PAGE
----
The range on the infrared channel, which I discussed in the last entry, is probably enough; but I’d like to increase it a bit. With more range I can space modules farther apart if needed, and hopefully be able to have a wider angle between the transmitter and receiver.
Fortunately the signal output by the Darlington transistor pair on the receiver is a pretty clean digital signal. At full power it ranges from (a little above) 0 V to (a little below) 3.3 V. As the transmitter gets farther away the digital signal remains but the low voltage increases beyond the UART receiver’s ability to read a 0. For example, at a large distance the UART signal might range from 2.5 V (logical 0) to 3.3 V (logical 1).
If all goes extraordinarily well, the AUV will have the following modules sitting in the hull:
Depth control (buoyancy control and pressure sensing)
Rather than wiring everything together, I plan to give each module its own power supply and use an optical communication protocol to connect the modules to the master controller. The inside of the hull will be cleaner and more solid than if everything was wired together, and waterproofing will be easier. Here’s how it works:
I mentioned the US40KT-01 transducer pair from Meas Spec before, but it’s an air sensor. One could cover it with a potting compound to waterproof it. My source suggested 3M Scotchcast 2130, which is intended for electrical insulation but apparently has some desirable acoustic properties (viz being close to the acoustic impedance of water). He cites Acoustic and dynamic mechanical properties of a polyurethane rubber [PDF] by Mott, Roland, and Corsaro as a good resource on this stuff, but I haven’t read it yet.
I also came across some really cheap waterprooftransducers that may be suitable. Unfortunately they both have high directivity, whereas I’d like at least an omnidirectional transmitter. Another possible issue is that they’re made for outdoor applications, not underwater applications. How waterproof is “waterproof”?
This guy has a super-cool post on driving the little waterproof transducers. Instead of using a step-up transformer, he uses an inductor and a MOSFET. The inductor gets charged from a 9 V battery through the MOSFET. When the MOSFET is opened the magnetic field collapses and it sends about 300 mA of current through a diode to power the transmitter. This is called the inductive flyback method. Awesome!
One final note: I found what look like the transducers that are on the ranger modules I’m using. Less than US$3 per pair.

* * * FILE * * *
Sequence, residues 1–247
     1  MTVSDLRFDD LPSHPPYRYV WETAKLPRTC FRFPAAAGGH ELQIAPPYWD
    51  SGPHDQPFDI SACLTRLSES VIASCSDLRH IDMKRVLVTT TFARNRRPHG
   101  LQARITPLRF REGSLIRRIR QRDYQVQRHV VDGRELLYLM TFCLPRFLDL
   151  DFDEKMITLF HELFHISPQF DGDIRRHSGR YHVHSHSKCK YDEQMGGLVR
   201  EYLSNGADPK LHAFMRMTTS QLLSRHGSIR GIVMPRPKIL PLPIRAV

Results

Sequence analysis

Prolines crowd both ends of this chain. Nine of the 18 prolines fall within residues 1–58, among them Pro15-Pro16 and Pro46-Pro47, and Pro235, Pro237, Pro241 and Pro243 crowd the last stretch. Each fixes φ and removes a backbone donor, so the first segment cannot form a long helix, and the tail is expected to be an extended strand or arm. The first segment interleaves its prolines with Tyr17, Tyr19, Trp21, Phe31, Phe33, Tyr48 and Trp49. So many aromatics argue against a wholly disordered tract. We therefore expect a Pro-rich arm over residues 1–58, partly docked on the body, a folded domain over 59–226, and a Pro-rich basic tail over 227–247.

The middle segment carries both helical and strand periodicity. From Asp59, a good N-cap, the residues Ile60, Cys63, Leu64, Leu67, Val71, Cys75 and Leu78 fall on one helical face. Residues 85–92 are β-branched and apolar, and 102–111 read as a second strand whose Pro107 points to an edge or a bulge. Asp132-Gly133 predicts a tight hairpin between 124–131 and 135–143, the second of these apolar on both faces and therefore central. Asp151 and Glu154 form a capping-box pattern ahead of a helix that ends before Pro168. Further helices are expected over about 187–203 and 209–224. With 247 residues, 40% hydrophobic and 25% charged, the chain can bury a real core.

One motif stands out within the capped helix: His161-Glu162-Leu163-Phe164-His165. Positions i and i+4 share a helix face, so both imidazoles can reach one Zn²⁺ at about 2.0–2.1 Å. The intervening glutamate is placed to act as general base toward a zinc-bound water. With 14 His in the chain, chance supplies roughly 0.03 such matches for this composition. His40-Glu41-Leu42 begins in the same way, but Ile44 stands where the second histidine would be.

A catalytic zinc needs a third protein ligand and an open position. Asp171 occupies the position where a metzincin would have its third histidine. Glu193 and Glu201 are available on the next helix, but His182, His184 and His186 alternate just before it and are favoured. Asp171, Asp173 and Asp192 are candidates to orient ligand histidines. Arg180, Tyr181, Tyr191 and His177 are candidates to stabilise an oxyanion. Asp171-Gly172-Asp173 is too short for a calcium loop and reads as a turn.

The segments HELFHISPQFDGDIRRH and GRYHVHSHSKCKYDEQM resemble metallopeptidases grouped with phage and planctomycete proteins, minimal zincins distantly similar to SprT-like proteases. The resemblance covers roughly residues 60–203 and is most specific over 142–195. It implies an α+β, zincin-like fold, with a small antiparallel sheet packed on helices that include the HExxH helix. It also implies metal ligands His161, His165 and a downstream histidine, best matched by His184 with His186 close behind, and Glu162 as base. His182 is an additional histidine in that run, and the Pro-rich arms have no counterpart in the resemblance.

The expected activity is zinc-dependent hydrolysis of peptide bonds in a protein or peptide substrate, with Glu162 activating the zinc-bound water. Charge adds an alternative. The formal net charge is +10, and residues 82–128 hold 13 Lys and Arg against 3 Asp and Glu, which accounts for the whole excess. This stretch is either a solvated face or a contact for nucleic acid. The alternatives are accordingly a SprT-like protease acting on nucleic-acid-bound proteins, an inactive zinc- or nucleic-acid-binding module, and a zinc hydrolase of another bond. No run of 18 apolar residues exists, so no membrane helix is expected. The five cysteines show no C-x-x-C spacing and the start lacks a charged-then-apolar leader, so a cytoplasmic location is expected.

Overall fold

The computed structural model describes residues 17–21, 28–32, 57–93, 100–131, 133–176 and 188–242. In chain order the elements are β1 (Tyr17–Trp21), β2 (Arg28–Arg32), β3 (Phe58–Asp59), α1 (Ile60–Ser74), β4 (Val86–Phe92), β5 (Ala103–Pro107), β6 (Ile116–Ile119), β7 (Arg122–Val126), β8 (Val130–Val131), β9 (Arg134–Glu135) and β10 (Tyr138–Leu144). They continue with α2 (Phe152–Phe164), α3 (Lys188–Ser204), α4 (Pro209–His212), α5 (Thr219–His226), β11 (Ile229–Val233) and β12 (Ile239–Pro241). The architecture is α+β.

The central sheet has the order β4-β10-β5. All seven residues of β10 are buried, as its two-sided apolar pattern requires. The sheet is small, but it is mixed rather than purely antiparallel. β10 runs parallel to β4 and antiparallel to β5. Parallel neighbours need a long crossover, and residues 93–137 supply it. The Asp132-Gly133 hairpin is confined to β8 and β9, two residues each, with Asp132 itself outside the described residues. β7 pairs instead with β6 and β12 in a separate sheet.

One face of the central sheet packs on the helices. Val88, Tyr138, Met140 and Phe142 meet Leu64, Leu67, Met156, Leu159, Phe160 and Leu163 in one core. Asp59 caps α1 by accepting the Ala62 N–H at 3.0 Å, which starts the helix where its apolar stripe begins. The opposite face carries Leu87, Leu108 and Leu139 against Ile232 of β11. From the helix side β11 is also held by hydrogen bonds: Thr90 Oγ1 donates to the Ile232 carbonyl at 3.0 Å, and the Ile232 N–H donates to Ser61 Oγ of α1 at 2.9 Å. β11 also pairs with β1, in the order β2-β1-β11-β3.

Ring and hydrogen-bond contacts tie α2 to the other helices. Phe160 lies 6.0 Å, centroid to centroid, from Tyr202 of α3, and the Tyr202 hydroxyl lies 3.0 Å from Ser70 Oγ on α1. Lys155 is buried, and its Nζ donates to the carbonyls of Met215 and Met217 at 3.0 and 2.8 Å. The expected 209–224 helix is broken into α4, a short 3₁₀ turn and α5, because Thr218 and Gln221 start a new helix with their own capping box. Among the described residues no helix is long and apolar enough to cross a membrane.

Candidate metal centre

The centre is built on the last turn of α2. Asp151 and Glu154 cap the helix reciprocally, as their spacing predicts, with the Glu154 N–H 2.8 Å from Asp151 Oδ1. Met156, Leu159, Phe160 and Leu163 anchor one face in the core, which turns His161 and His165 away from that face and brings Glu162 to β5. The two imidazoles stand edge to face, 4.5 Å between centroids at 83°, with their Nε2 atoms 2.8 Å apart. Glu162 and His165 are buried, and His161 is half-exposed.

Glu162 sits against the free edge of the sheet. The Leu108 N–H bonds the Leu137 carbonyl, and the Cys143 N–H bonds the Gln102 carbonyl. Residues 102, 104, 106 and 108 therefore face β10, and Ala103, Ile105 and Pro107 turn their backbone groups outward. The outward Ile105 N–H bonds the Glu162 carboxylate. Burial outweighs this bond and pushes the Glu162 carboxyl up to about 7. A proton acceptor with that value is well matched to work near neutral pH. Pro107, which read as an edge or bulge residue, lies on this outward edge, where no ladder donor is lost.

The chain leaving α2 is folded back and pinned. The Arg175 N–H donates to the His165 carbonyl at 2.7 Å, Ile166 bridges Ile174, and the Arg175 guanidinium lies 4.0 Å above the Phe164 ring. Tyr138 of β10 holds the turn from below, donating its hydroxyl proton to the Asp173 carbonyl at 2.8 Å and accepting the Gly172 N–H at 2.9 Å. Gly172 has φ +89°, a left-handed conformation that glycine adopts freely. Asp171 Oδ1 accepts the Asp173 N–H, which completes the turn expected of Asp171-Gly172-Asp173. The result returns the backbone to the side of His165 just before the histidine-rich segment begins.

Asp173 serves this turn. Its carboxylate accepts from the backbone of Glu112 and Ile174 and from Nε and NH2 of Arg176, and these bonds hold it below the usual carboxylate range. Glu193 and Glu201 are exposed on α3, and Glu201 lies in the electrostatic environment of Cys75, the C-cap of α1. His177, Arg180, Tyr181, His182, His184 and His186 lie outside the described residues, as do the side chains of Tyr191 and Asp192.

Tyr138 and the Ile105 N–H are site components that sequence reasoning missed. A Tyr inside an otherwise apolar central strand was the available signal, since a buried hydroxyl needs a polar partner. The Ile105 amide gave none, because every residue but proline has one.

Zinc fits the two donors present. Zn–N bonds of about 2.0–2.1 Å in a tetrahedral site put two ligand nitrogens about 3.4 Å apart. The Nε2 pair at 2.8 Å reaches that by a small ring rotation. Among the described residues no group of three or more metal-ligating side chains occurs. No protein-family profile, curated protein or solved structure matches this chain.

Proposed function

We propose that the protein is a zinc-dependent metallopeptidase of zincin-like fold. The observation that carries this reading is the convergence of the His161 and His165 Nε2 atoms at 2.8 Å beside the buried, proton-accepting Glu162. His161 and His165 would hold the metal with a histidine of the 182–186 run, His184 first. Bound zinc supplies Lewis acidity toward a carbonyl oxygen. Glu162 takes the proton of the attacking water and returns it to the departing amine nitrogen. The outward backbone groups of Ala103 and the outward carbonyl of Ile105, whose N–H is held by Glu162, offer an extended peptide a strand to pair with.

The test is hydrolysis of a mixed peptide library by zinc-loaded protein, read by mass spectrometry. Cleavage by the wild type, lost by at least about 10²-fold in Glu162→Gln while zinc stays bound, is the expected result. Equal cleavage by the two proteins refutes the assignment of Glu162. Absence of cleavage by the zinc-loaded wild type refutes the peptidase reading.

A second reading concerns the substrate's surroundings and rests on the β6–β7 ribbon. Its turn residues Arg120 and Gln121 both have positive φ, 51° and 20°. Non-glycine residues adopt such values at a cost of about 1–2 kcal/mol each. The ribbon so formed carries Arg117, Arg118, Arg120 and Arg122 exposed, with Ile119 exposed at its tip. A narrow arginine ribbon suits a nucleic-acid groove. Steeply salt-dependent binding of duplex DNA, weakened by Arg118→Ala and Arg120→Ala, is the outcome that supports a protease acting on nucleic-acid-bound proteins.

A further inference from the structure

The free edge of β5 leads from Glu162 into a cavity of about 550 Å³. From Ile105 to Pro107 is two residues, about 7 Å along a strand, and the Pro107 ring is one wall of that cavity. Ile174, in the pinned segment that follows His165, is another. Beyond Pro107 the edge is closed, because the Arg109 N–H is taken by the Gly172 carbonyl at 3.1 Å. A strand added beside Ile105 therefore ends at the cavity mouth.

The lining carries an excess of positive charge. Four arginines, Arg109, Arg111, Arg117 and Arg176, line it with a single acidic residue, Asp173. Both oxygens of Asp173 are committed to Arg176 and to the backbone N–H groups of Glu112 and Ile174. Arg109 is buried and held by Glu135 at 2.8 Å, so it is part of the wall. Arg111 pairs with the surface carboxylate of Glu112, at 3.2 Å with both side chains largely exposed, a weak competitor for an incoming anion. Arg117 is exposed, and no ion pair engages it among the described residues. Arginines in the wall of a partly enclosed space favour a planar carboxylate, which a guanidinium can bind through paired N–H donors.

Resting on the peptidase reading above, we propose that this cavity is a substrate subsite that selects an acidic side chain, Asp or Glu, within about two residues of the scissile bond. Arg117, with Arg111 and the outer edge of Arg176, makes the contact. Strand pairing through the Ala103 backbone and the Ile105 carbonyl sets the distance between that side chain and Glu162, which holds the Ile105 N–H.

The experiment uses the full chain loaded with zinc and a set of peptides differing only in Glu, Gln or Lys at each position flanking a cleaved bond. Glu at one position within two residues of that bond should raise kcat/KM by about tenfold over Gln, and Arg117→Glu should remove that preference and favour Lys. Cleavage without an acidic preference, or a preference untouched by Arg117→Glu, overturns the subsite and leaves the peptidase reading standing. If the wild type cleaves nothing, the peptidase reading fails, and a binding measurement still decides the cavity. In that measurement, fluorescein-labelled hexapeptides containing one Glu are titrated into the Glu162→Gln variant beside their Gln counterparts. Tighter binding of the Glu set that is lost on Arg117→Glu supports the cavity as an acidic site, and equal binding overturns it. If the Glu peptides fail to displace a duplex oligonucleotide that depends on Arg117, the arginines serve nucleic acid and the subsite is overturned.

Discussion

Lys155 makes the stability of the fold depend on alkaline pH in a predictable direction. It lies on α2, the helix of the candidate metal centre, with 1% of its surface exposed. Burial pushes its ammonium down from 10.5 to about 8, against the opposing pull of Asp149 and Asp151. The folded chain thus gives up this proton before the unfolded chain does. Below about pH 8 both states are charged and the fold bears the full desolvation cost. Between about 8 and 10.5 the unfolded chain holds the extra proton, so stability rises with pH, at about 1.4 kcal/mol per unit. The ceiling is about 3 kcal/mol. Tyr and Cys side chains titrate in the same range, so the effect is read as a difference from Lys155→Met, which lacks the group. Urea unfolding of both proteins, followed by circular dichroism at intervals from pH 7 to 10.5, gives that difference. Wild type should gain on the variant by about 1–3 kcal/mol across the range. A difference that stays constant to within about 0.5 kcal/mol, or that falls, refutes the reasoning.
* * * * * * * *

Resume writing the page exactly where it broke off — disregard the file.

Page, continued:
The receiver circuit completes the modem’s hardware design. It is simply a two-stage amplifier that gives a total gain of about 2000, in series with a band-pass filter.
The acoustic transducer produces a beautiful sine wave with nearly no noise. I found that I could apply a huge gain to its output and the amplifier’s output would still be clean: the raw (unfiltered) output has a 5 V offset, and the signal fits into the 5 V above the offset. In other words, the output is at -5 V when idle and peaks at around 0 V when the receiver receives a signal.
The goal is for the receiver to output a signal that is around -10 V when idle and peaks at -5 V when it receives a signal. These voltages correspond respectively to logic low and high on the microcontroller.
Above you can see the transmitter part of my acoustic modem. From left to right, the components are: the power supply, the acoustic transducer, the amplifier, and the microcontroller.
The problem: I need to send a 40 kHz, 20 V peak-to-peak square wave to the transducer. The circuit has two outputs, + and -, that are connected to the two transducer pins. In other words, each output needs to switch from +10 V to -10 V and back once every 25 microseconds.
As always, there are a few decent solutions, and as always I didn’t implement the best one.
I mentioned before that I’m basing my acoustic transducer off the Devantech SRF04 ultrasonic ranger. I’m removing the piezoelectric transducers from a dead SRF04 unit and using them for my modem. The transducers, which are the part that generate and receive the acoustic pressure wave that carries data, have a range of about 6 metres or so (one way), are driven with up to 20 V, and resonate at around 40 kHz.
The puzzle I’m working on right now is how best to actuate the transducer to generate a 40 kHz pulse. The SRF04 does it using a chip that’s intended to convert 5 V logic signals into the ±12 V signals used for the RS-232 serial protocol. Unfortunately most RS-232 converter chips aren’t made to power an acoustic transducer, and they aren’t able to provide enough current to generate a strong signal.